Despite the abolition or moratorium of capital punishment for juveniles in Islamic countries, still children are being executed. It demonstrates, simple attempts to outlaw the juvenile death penalty will not solve the problem, because the moratorium was not proclaimed for the genuine attempts to humanize the society, but rather to please the International community, more execution of juveniles are possible, especially in the case of a change of political power.
The question of whether to leave juvenile death penalty in the statutes of Islamic countries, prolong the moratorium on it, or abolish it is one which I think embodies the larger realities of political, legal, and social developments in the Islamic countries. Must abolition of juvenile death penalty await the decline of Islamic authoritarian governments or will hard-line regimes abolish the execution of juveniles to coordinate with the contemporary standards of Islamic societies.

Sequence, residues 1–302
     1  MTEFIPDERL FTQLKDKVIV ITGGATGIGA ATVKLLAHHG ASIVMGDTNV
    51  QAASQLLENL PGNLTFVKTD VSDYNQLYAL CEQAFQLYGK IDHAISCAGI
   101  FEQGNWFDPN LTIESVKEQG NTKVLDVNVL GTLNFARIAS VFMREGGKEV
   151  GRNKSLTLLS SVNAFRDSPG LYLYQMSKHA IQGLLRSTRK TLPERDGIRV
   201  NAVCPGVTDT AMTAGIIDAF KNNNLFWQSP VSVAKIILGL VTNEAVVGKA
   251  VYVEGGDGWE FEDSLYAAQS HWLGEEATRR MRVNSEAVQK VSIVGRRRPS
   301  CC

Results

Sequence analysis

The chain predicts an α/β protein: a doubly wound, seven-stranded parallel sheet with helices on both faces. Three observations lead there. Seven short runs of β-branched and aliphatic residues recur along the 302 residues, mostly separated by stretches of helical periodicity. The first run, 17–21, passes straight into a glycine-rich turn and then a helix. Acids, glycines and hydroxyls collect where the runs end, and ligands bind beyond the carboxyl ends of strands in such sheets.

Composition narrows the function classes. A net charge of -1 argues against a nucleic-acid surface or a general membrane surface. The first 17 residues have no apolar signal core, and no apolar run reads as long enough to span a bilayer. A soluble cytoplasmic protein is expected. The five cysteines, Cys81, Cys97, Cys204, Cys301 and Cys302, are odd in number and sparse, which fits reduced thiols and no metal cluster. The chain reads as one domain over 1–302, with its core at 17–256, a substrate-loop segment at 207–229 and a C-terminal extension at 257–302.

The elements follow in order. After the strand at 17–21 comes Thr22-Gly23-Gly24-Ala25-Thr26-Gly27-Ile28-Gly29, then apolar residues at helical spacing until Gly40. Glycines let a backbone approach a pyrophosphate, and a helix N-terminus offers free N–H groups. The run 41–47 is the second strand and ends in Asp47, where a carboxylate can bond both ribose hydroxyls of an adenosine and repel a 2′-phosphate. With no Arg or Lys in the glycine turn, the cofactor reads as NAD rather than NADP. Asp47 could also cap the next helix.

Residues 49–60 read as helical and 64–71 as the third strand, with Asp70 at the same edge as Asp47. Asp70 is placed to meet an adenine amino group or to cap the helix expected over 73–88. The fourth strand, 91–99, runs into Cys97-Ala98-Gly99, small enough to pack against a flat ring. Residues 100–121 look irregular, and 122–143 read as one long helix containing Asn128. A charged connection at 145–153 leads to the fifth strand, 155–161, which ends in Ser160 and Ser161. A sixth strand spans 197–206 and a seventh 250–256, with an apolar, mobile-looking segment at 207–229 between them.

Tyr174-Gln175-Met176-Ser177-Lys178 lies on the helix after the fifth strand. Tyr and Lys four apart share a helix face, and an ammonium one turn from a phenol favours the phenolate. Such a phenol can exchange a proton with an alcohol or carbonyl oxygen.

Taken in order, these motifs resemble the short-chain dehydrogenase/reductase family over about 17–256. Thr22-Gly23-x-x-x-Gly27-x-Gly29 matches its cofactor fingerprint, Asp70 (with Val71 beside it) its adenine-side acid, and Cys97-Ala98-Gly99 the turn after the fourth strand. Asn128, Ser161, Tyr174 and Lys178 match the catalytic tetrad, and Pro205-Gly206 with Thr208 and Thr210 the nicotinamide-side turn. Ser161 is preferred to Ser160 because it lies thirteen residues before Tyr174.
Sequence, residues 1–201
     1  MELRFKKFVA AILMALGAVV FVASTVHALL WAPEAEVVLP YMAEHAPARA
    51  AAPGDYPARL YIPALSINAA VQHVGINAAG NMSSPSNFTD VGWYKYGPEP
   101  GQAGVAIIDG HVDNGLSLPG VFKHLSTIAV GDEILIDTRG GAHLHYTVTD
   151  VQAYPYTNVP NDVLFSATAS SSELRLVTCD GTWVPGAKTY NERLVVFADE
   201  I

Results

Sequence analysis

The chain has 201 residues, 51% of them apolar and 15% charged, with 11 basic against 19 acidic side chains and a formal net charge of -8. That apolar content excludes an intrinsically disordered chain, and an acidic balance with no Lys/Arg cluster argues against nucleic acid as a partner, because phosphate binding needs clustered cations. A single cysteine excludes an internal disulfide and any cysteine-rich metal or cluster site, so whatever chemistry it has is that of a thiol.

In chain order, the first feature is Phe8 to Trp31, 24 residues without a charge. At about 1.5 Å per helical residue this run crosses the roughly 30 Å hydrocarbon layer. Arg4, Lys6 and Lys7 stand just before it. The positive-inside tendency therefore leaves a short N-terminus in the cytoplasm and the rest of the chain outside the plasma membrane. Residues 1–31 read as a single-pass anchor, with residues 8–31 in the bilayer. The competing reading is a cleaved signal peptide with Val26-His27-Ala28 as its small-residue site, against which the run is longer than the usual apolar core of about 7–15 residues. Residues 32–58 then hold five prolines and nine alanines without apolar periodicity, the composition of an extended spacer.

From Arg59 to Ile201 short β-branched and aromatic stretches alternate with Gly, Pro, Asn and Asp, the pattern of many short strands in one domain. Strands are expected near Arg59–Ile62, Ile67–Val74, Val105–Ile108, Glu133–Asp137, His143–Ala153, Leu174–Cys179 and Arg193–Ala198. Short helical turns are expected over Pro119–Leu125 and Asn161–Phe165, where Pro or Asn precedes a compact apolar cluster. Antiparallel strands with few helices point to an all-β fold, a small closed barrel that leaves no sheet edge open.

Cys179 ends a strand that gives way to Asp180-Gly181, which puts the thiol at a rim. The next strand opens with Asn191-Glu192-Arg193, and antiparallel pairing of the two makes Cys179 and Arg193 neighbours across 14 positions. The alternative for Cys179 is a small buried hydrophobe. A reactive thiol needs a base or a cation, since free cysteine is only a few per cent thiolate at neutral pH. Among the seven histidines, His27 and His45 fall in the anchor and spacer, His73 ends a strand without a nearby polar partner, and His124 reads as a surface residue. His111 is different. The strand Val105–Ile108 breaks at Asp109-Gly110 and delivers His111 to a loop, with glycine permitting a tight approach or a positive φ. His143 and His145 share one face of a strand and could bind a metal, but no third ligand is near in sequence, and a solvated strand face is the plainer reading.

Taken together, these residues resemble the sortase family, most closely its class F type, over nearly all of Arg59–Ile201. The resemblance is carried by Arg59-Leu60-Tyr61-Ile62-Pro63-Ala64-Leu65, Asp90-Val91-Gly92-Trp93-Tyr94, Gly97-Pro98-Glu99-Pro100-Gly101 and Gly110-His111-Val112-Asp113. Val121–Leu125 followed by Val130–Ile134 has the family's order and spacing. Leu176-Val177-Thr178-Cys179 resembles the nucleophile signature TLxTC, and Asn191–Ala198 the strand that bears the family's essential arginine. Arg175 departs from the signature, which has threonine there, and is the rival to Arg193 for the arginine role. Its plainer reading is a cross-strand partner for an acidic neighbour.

Several Muslim nations with large Islamic populations have recently gone long periods without juvenile executions, including Yemen and Sudan. Most of Islamic countries, low-execution nations have governments with secular rather than religious orientations, but the tiny nation of Brunei Darussalam has combined an Islamic theocratic regime with no execution for the past half century.
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...rely curtail their human rights, this is in spite of, rather than in keeping with, Islamic law, because religions have the ability to adapt themselves with ideas. Therefore, our Islamic laws need to be updated and meet demands of the modern time. The better course is to steer clear of such obstacles and focus on the purpose of the ride: providing a human and civilized criminal justice system the way Islam originally intended.
Human Rights Watch, Precarious Justice: Arbitrary Detention and Unfair Trials in the Deficient Criminal Justice System of Saudi Arabia, vol. 20, no. 3(E), March 2008.
UN document CRC/C/61/Add.2, 29 March 2000, para. 253.
Shura Council is an appointed advisory body with some functions of a parliament.
Human Rights watch, Adults Before Their Time: Children in Saudi Arabia’s Criminal Justice system, New York (2008).
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